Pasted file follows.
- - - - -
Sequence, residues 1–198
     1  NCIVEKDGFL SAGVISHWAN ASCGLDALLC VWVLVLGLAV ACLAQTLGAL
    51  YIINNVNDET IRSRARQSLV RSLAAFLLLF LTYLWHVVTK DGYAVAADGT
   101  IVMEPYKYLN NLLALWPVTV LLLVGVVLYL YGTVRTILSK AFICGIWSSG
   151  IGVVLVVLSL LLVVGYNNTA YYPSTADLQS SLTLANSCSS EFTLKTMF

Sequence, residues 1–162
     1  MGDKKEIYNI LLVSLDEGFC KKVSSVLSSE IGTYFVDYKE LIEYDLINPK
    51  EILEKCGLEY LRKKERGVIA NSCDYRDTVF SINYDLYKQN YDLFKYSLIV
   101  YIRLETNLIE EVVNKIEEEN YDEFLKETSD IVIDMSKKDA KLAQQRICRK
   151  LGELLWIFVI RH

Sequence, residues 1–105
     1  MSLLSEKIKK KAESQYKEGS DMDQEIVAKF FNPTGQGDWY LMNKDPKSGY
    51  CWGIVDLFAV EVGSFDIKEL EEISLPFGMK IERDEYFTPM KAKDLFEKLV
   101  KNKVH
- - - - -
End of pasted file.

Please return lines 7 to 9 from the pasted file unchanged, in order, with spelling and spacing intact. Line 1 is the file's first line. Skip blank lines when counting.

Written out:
     1  MGDKKEIYNI LLVSLDEGFC KKVSSVLSSE IGTYFVDYKE LIEYDLINPK
    51  EILEKCGLEY LRKKERGVIA NSCDYRDTVF SINYDLYKQN YDLFKYSLIV
   101  YIRLETNLIE EVVNKIEEEN YDEFLKETSD IVIDMSKKDA KLAQQRICRK